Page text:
ESA’s moon village study is still very much a concept. But Skidmore, Owings & Merrill’s study leader Daniel Inocente, while describing it as extremely costly to build and technically challenging, says it is conceivable given the rate of improvement in technology and engineering.
Advenit Makaya, study leader at ESA, adds that the study is clearly looking into the future, beyond the horizon of currently planned lunar exploration activities.
“It has been a very interesting exercise for the various ESA experts, to collaborate with architecture experts, to identify and address the drivers and ways in which this innovative design could be deployed on the Moon,” he says.
On the power front the study does not indicate a preference for either the solar PV or nuclear fission reactor option. Potentially some hybrid combination is the more likely, if only to provide a level of technology redundancy.
Either way as NASA’s progress on the latter as its preferred solution indicates, much further work is required to get either to a state of operational readiness for the moon. That is without mentioning the similar demands for the Habitat and other systems that are integral to the construction and operation of a moon village.
But the technological developments are occurring increasingly fast and some of us may yet see the implementation of the first lunar power station. One of us may even be lucky enough to become its operator.
NASA and lunar surface innovation
The ‘Moon Village’ concept is a first of its kind study in terms of its scope, but European space scientists are not alone in working on such concepts. On the other side of the Atlantic scientists at NASA, the US space agency, also are investigating a sustained lunar development plan and particularly for using it as a springboard to establishing a human presence on Mars.
NASA’s Artemis programme also targets the Shackleton crater area for the lunar base, with the base camp serving both for the development of commercial activities on the moon and for the testing of systems for the first mission to Mars.
NASA envisages the US to return to the moon in 2024, a base to be established circa 2028 and the first human mission to Mars to take place in the 2030s.
NASA’s Krusty nuclear fission development as its primary power system is already under way. The organisation also plans to develop an advanced solar collection system and proposals for a 10kW vertical solar array technology are being sought. The concept calls for the system to be relocatable to different sites by a rover.
Through the ‘Watts on the Moon’ challenge, NASA seeks proposals to develop and demonstrate solutions for the distribution, management and/or storage of energy. The intermittency and resiliency of solar with the extended dark periods are among the issues that must be addressed.
Three power delivery activities are up for solutions, which are expected by September 2023.
1. Deliver power from a power plant on the rim of a crater to a mobility platform operating in the crater that collects and delivers icy regolith2 to a water extraction plant.
2. Deliver power from the power plant to the water extraction and purification plant operating inside the crater.
3. Deliver power from the power plant to an oxygen-producing pilot plant operating outside the crater, which extracts oxygen from the delivered material.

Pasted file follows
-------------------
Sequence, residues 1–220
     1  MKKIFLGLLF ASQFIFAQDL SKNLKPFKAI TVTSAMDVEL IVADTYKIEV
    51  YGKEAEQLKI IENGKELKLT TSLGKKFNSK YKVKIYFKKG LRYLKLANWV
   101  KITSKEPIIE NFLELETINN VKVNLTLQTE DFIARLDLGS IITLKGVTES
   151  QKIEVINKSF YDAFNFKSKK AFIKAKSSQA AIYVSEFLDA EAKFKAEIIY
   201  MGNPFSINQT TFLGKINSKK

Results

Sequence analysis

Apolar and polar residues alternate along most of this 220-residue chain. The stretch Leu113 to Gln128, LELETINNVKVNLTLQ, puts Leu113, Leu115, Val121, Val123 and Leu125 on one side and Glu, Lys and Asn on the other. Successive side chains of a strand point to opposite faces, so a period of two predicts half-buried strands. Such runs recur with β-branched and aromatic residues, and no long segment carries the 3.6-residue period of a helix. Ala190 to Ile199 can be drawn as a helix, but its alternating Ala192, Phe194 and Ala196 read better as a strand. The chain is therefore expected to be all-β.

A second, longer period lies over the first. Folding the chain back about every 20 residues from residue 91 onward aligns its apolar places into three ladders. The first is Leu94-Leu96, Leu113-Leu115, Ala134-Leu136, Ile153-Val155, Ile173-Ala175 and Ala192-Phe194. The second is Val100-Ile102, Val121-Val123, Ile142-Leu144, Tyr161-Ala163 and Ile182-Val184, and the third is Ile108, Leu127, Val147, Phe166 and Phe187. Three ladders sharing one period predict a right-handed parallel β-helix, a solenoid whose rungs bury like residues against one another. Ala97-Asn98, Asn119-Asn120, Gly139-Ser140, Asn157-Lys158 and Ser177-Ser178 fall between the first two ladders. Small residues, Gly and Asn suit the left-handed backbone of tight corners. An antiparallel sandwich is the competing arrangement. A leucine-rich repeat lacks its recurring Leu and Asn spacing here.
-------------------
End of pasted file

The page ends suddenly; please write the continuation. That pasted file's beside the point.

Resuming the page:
Other areas that NASA is pursuing in its lunar surface technology research drive include wireless energy transmission technologies for power distribution to difficult to reach areas such as those in permanent shadow and for mobile applications; batteries for sustained low-temperature operation and advanced power control technologies for interconnected systems.
In many, if not all these cases, the developments also could help to advance similar technologies for use and commercialisation here on Earth.
US DOE gets behind NASA
Energy for space applications covers a multitude of use cases besides power generation for lunar and Martian bases. Rocket propulsion, powering robotic vehicles on the lunar surface and orbiting space stations and delivering solar power to the Earth are among others.
The growing and likely sustained presence of humans in space has spurred the US Department of Energy to develop a 10-year strategy for energy for space, formalising its input to the country’s space programme since its earliest days and setting out clear intent to contribute to advancing space exploration.
Under the strategy the DOE commits to developing space-capable energy technologies, both nuclear and nonnuclear, exploring energy management systems for their potential application to space missions and advancing innovation in energy generation, storage, distribution and other technologies for space systems.
Thus far, the DOE’s space power systems work has focused primarily on space nuclear power and propulsion technologies, ranging from small radioisotope power systems to fission power reactors. The department expects to continue to play a key role in the development of such systems, which it indicates also could be exploited in efforts to revitalise the country’s commercial nuclear industry.
The DOE considers that its advanced R&D of photovoltaics and concentrating solar thermal power could be of great value for a sustained crewed presence on the Moon. Its expertise in batteries and in particular hydrogen and fuel cell technologies could be applied for exploiting lunar water for the synthesis of hydrogen fuel, as well as for power storage on the surface of the moon and for powering other applications in a lunar base camp.
Thermal control is another key area in which the DOE offers its skills, drawing on its energy management expertise.
Other areas the DOE commits to in the strategy include support for astronomers and other space scientists in areas such as AI, data collection and advanced computing, the development of capabilities to support the peaceful use of space and the driving of innovation in technologies for future space missions.
“Under the vision, DOE’s scientific and engineering capabilities will be applied to overcome the challenges of vast distances, extreme conditions, complex operations and unfamiliar environments to propel and power exploration, security and commerce in space,” says Dan Brouillette, Secretary of Energy, of the strategy.